Effective as of August 1, 2019—alongside the state’s new hands-free cellphone law—is the state’s new slowpoke left lane law. This law authorizes police officers to issue citations for motorists who refuse to change lanes to yield to faster-moving vehicles. Thus, if a motorist is slowing up the left lane, then s/he can be cited. Whereas Minnesota already has laws on the books that require slower vehicles to yield to faster ones by merging right, effective August 2019, drivers could be fined for impeding traffic in the fast lane.
The impetus for this law arose from the impediment that a slow-moving vehicle causes to normal traffic flow—and the increased potential for road rage occurrences. Police troopers would have the discretion to determine whether to issue citations or warnings to slowpoke drivers. Included in the omnibus transportation bill, this law seeks to address the harm to the flow of traffic motorists driving even a few miles below the speed limit in the left lane have been shown to cause, according to the bill’s author House Minority Leader Kurt Daudt (R-31A). The Senate’s version of this bill was introduced by Senator John Jasinski (R-Faribault).
Prior to this law, simple courtesy dictated whether slower drivers would move from the left lane to the right. Now, however, it is law that applies to drivers on any freeway and two-lane road. For single-lane roads, slow moving drivers must move as close to the shoulder or curb as “practicable” to let other vehicles pass; however, many drivers continued to impede the fast lanes, particularly on more rural stretches of roadways between metropolitan cities.
As mentioned, police now have the discretion under the law to issue tickets to slowpoke drivers. These drivers can now be assessed a $50 ticket plus a $75 surcharge for a $125 fine per occurrence. Tickets will only be issued to those motorists who are impeding the speed of other drivers in the left lane and fail to move over to the right to let them pass.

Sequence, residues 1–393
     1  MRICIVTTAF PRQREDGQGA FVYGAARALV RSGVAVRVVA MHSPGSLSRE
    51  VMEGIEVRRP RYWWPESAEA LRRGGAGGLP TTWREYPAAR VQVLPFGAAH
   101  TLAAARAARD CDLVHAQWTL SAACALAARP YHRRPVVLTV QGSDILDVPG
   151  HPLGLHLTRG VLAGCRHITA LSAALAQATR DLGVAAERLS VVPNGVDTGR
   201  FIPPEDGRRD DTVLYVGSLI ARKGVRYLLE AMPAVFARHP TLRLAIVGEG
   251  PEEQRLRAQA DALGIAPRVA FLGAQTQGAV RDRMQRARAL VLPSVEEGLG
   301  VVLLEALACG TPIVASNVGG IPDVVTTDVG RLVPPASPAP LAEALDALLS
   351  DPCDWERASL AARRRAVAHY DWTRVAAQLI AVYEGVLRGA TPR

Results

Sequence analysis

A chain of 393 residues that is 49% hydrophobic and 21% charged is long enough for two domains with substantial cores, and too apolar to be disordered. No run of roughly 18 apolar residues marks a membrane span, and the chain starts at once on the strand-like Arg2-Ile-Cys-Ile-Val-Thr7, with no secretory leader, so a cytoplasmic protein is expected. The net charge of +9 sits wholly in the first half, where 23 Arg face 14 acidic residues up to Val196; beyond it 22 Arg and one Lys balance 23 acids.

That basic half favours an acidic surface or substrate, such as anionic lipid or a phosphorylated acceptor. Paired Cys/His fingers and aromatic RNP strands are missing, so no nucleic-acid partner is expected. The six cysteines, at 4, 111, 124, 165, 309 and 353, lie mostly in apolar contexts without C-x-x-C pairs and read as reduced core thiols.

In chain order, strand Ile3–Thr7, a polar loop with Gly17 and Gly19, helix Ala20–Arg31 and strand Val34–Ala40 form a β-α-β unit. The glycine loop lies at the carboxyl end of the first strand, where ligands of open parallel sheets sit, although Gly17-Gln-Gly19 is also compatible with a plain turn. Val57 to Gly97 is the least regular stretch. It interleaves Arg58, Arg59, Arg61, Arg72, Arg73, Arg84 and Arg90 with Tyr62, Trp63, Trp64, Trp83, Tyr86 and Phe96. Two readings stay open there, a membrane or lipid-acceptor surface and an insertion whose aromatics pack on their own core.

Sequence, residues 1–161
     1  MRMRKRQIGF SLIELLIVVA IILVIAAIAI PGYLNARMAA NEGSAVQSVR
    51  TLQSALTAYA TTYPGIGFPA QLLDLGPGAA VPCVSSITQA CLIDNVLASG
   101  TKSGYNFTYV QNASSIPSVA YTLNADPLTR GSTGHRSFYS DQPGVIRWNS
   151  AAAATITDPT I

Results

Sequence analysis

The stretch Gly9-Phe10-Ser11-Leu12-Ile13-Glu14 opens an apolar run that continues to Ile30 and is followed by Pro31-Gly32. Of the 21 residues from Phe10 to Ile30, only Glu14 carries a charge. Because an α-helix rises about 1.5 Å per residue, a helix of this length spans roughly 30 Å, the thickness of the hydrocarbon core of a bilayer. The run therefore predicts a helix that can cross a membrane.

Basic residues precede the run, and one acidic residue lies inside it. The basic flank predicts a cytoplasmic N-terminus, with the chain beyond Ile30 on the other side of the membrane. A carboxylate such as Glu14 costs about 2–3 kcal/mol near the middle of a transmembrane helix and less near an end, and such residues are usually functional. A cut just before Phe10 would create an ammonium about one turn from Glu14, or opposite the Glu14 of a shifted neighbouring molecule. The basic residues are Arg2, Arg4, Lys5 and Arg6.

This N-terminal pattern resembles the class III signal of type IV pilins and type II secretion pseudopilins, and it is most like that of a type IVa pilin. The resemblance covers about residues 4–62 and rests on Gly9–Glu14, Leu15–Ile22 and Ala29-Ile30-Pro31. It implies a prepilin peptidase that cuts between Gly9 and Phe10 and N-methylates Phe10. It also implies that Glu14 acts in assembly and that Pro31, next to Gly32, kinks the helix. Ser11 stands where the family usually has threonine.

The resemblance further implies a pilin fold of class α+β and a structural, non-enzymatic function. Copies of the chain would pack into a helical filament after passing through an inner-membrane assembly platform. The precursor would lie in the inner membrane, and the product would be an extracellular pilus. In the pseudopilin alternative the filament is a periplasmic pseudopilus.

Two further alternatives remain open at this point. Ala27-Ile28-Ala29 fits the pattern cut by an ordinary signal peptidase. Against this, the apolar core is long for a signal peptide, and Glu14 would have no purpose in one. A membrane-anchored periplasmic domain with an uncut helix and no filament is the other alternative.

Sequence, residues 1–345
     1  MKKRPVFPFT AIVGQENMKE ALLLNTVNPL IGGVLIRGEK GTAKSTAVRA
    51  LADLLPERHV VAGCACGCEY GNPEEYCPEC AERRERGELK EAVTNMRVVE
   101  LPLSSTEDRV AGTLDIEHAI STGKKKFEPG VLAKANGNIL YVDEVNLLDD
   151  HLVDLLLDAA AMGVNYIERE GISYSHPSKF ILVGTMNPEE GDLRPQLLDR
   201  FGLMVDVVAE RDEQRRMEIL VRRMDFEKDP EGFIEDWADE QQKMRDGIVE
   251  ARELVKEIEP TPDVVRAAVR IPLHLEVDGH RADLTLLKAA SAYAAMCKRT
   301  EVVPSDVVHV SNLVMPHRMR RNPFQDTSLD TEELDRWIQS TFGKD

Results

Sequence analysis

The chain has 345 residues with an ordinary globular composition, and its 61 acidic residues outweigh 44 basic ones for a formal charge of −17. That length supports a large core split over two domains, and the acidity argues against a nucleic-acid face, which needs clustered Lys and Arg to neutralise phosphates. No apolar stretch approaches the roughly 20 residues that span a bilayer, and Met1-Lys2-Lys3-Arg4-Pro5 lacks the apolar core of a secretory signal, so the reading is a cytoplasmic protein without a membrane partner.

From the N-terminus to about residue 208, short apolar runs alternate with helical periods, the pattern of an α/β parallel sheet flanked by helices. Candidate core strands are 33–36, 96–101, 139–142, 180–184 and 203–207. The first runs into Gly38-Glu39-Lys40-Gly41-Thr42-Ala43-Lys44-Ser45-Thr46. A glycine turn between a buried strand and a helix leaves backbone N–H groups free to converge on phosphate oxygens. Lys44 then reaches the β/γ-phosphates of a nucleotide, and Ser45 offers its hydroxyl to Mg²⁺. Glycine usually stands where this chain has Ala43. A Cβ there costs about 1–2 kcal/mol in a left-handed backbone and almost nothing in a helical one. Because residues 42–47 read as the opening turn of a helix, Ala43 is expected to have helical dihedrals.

Exemptions to the law
The law is not applicable to vehicles that are in a left-hand highway exit, vehicles that are turning left on a four-lane expressway, and vehicles in a specifically designated left-hand lane such as a carpool lane. Emergency vehicles such as fire trucks and ambulances are also exempt.
Further, as is sometimes misinterpreted, this law does not permit motorists to increase speed in the left lane. Speed limits still apply; however, accelerating to five miles per hour over the speed limit specifically to pass another vehicle is acceptable.
Essentially, if someone is driving the speed limit in the left lane, then there is no reason to merge right to let other vehicles pass. Instead, this law is intended for those vehicles who are traveling under the speed limit in the left lane which must merge right to let vehicles behind them pass.
Additionally, once a driver passes traffic in the left lane, s/he should move back over.
Lawmakers stress that they do not advocate tailgating behind slowpokes who may be driving in the left lane. Instead, they suggest calling the police if the slowpoke driver is causing any traffic issues and let officers handle the situation. Lawmakers also stress not trying to enforce others’ speeds by staying in the left lane to slow down speeders. Again, let the police handle any potential problems.